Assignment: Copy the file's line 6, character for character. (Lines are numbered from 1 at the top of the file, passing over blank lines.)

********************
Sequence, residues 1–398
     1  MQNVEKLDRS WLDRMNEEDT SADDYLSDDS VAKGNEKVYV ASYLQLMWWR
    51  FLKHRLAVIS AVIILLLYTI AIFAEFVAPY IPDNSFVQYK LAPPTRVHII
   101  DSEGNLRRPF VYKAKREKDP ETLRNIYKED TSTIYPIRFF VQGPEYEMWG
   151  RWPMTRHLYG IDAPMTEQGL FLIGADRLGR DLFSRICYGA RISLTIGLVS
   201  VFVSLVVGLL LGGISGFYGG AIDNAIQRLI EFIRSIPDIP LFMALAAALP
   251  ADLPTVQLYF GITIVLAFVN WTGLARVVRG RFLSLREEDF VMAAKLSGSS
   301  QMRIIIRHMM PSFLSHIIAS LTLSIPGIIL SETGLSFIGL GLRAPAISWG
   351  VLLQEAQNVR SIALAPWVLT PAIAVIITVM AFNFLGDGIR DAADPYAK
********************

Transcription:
   201  VFVSLVVGLL LGGISGFYGG AIDNAIQRLI EFIRSIPDIP LFMALAAALP